Did You Know That One of the Victims of the Portland Stabbing Was on the Spectrum?

On the afternoon of Friday, May 26, two teenage girls were riding a MAX train in Portland, Oregon. One was African American and the other was wearing a hijab. Then a 35-year-old man, Jeremy Joseph Christian, began hurling hate speech at these two girls. The terrified girls moved to the back of the bus to escape the man and his appalling diatribe.

Then three brave heroes stepped in to stand up for the young women. Christian stabbed them all.

Ricky John Best, a 53-year-old American veteran, lost his life at the scene. Taliesin Myrddin Namkai-Meche, a 23-year-old with a caring soul and a degree in Economics, passed away at the hospital. The third man, Micah David-Cole Fletcher, a 21-year-old poet, survived and was released from the hospital on May 29. According to reports, he quite literally evaded death by millimeters, as the knife just barely missed his jugular vein.

You have likely heard this story already, or at least the gist of it. But did you know that the survivor, Fletcher, is on the autism spectrum?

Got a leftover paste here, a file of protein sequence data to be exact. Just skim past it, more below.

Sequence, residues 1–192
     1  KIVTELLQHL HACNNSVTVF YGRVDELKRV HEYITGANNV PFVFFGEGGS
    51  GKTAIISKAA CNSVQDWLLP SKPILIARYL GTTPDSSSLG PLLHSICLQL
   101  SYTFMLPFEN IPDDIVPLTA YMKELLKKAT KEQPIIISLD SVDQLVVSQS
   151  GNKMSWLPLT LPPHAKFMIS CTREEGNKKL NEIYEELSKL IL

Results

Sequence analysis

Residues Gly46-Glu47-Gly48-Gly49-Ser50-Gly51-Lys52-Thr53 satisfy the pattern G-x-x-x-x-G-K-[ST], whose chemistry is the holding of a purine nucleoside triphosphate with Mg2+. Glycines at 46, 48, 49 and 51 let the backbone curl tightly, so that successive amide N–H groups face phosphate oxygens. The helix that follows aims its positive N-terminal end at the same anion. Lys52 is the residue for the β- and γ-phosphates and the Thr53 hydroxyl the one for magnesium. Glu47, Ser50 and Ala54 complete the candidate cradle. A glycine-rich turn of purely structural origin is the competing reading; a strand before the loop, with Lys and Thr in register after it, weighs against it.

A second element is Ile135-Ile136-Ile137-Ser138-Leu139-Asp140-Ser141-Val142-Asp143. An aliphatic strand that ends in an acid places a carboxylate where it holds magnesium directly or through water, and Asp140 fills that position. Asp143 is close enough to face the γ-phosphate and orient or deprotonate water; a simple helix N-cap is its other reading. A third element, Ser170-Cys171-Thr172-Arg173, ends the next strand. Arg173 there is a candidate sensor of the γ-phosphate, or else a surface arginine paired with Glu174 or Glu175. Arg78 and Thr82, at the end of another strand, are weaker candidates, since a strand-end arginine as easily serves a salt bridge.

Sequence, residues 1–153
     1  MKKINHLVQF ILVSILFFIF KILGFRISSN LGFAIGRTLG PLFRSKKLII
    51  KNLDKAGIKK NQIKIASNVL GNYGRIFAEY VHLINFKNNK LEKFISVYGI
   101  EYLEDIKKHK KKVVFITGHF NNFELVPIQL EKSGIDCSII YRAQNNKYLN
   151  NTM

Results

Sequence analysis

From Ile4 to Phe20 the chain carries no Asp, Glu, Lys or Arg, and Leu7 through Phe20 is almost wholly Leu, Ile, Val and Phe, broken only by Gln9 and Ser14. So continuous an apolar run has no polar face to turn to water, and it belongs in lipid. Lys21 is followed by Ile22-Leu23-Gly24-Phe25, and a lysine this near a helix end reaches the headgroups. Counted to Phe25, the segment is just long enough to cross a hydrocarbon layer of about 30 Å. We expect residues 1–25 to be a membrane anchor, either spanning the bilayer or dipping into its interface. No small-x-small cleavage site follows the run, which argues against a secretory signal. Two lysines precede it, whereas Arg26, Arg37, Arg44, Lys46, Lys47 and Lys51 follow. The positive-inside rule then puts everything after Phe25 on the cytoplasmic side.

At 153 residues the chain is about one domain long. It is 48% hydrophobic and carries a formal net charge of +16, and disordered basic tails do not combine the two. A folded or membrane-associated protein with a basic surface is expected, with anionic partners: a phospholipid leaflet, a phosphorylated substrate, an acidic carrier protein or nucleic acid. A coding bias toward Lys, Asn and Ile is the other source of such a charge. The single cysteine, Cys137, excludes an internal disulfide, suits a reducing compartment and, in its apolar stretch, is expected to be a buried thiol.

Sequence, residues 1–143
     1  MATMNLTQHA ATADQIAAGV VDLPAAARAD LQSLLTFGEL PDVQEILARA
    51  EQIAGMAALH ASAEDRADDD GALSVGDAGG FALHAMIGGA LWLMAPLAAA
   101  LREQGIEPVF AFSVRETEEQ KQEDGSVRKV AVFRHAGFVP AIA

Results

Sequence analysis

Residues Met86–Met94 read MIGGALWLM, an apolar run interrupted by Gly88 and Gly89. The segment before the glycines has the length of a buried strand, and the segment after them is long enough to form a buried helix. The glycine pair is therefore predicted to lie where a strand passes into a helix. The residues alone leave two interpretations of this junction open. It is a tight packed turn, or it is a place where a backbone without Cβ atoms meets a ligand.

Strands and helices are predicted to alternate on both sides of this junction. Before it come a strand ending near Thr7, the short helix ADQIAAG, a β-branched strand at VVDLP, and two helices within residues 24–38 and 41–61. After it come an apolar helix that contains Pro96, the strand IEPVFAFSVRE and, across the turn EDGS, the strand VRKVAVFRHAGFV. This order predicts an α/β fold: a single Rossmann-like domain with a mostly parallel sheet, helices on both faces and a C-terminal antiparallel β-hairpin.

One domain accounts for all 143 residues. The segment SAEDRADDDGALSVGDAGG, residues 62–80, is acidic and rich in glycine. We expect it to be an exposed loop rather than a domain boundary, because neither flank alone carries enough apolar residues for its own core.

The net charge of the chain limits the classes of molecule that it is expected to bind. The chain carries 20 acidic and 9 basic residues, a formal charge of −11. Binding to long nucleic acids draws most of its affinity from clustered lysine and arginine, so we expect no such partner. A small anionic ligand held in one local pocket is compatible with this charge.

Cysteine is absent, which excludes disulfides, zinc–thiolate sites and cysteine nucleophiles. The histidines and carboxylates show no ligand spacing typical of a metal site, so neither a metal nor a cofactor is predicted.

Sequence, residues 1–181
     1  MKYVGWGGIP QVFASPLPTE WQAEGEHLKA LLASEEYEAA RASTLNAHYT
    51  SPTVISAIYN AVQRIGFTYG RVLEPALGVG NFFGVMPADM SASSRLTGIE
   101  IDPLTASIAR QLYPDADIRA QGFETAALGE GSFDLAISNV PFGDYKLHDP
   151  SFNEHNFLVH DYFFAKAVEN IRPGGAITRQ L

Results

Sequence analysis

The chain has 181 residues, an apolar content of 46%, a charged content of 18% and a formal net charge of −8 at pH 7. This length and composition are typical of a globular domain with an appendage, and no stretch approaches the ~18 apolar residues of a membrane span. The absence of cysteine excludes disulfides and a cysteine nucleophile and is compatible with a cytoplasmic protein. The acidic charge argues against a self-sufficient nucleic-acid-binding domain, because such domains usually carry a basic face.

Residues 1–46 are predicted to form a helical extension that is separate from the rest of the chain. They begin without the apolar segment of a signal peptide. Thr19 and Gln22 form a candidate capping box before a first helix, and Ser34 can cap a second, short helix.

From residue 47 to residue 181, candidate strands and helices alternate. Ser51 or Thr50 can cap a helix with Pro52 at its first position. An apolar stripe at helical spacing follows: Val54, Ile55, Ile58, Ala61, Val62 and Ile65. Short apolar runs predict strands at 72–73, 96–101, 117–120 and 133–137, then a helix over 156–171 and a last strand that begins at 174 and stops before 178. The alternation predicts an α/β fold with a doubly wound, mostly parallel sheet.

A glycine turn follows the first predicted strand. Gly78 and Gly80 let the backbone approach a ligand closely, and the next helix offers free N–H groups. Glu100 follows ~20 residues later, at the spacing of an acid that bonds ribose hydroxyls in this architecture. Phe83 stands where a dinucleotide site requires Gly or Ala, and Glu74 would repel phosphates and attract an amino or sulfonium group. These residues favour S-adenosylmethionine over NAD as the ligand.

Of course, the fact that he has autism has no bearing on this story at all. Whether neurotypical or not, he’s a hero. Period. But as this is The Autism Site Blog, we want to take a moment to shine the spotlight on this incredible young man, who just so happens to be on the spectrum.

In addition to being an award-winning poet, Fletcher is also a music student at Portland State University. According to his mother, Margie, he always stood up to bullies because he, himself had been a victim in the past. But this time, sadly, he was attacked for doing the right thing.

His survival was thanks, in part, to Marcus Knipe, an Iraqi war veteran who stepped in and helped by tending to Fletcher’s wounds until EMTs could arrive at the scene. While the blade missed his jugular, it did hit an artery and Fletcher had to be wheeled into surgery. The attack also broke his jaw and paralyzed his mouth, as the knife hit one of his nerves.

Fletcher, still smiling in spite of everything he went through.
Fletcher, still smiling in spite of everything he went through.

While he was hospitalized, Fletcher wrote a poem:

“I, am alive, I spat in the eye of hate and lived. This is what we must do for one another/We must live for one another/We must fight for one Mother/We must die in the name dfreedome [sic] if we have to. Luckily it’s not my turn today.”

Now that he has been discharged, he is doing his best to heal, both mentally and physically—not an easy task, as he describes in the heartbreaking video below.

Fletcher is a true hero, and the sacrifice he made for two strangers will never be forgotten. Micah, you are in our thoughts and prayers as you heal from this horrifying incident.

Support Research & Therapy

Help those with Autism and their families at The Autism Site for free!